Stonewall and Beyond: Marsha P. Johnson & Sylvia Rivera, and the Marginalization of Trans People of Color

I as a straight black male have been allies with the LGBTQIA+ community back when it was just called the gay community, when DuPont Circle in Washington, DC where I grew up was the gay hub, where I bought house music from 12 Inch Dance Records and drank at Cagney’s bar.

I was marching in the Silence=Death campaign, fighting for AIDS funding against the virulent anti-gay fervor, and partying at the then Gay Pride parades. Christians were practically throwing bibles at the processionals, their rhetoric drowned out by bumping club music from speakers atop spectacular rainbow colored floats.

It shocked me to witness the amount of heat directed at bisexual and transgender folks within the gay community. According to the offenders, bisexuals could not make up their minds, and transgender persons (transsexuals as they were called then) were grotesque and disgusting. Then there were those who openly discriminated against blacks and Hispanics, and attacking them with racial epithets like ‘nigger’ and ‘spic’.

Which made them not only ignorant, but completely hypocritical if you research the history of the LGBTQIA+ rights movement.

It began at Stonewall Inn in Greenwich Village in New York City. Like many gay establishments, the New York City Liquor Authority refused to issue liquor licenses, so it operated underground and was protected by the mafia. Police often raided gay bars under the guise of not having said licenses. This was the 1960’s, when being gay was illegal, as well as deemed a mental illness according to the American Psychological Association.

Then on June 28 1969 two individuals helped lead a riot at Stonewall. They were transgender women of color trans/gay activists, sex workers and drag queens - Marsha P. Johnson (black) and Sylvia Rivera (Latina). Johnson allegedly threw the first brick that sparked the riot.

Stonewall began a movement. It led to the first Pride parade on June 28, 1970 on the riot’s anniversary; the eventual dismantling of anti-gay laws; and though there is a huge amount of progress to be made, the LGBTQIA+ community has amassed a modicum of political and economic power and civil rights victories including marriage equality.

Johnson and Rivera were a part of the GLF (Gay Liberation Front) and were instrumental in forming the first Pride parade, and co-founded STAR (Street Transvestite Action Rebels) focused on assisting young homeless drag queens and Trans women of color.

Sex workers–prostitutes, strippers, porn actors, and others–have characteristically been marginalized in feminist and LGBTQIA+ movements, and Johnson was no exception. Her HIV status further pushed her to the margins as she struggled to receive adequate health care. Her death in 1992 at the age of 46 remains under suspicion.

A documentary depicting Johnson’s life debuted on Netflix in 2017 entitled The Death and Life of Marsha P. Johnson.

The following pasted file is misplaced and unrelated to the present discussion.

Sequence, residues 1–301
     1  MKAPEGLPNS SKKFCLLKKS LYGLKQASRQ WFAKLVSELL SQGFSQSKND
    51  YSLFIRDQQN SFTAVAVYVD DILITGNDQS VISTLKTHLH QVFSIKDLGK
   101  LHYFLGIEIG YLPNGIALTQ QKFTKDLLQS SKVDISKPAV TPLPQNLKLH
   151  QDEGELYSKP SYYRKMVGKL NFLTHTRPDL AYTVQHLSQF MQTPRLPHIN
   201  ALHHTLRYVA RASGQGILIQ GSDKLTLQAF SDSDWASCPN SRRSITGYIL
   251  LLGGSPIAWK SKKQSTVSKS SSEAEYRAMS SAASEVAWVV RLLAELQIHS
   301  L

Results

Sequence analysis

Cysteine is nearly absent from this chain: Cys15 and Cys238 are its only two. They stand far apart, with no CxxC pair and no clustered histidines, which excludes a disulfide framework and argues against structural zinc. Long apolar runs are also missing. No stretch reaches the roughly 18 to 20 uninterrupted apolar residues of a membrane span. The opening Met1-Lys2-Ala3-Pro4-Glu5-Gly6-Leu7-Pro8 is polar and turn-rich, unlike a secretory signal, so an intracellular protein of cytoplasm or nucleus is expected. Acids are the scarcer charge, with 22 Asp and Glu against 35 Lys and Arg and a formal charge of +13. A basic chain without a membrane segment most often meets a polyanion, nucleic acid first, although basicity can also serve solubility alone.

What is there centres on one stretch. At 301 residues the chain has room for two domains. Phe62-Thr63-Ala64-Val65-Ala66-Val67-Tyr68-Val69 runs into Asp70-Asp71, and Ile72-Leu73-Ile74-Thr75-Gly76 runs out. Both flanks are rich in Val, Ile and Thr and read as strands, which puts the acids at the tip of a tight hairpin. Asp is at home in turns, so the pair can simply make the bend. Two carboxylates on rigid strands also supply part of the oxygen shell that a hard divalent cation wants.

Many observers have assumed that today the LGBTQIA+ community is a unified front. This could not be further from the truth. 26 years after Johnson’s death, the transgender community is still separate and unequal.

White transgender persons suffer half the discrimination than their counterparts of color, who disproportionately are victims of hate crimes including rape, physical violence and homicide. They suffer in the shadows, and many of whom are unemployed and homeless. Consequently they are forced to create their own organizations just to be heard.

I find it disturbing that once again that the transgender activists who are in front of the camera leading the movement are predominantly white, while the activists of color are pushed to the margins.

Frankly, I am not well versed in the so-called bathroom bill, and how it affects the transgender community across racial and class lines. I do wonder, however, if white transgender leaders truly understand and empathize with the fundamental struggles transgender people of color face, or do they view them as lower priorities?

Johnson’s and Rivera’s story should be known by every member of the LGBTQIA+ community. Although they are remembered by older generations across racial lines, because they are not white, their stories are not kept alive for the new generations. Instead they are buried by a white controlled transgender community who fights for themselves first.

According to observers, Greenwich Village, which was a sanctuary for marginalized groups especially for people of color is now gentrified, its modernity whitewashing over the artefactual grandeur within a pivotal time in history.

Since 2000, WorldPride has held annual events in host cities around the globe to celebrate and promote the LGBTQIA+ community. Next year it will commemorate the 50th anniversary of Stonewall in New York City. It will be a return to where it all began.

What sort of homecoming will it really be? True Pride occurs when there is equity in remembrance, celebration and inclusion. It is a travesty to exclude those who transformed a moment into a movement, and to marginalize those who have come behind them to carry the mantle.

During this historic commemoration, will Johnson and Rivera be in the shadows once again, or will the world finally lift them up as the icons they were?

Ron Kipling Williams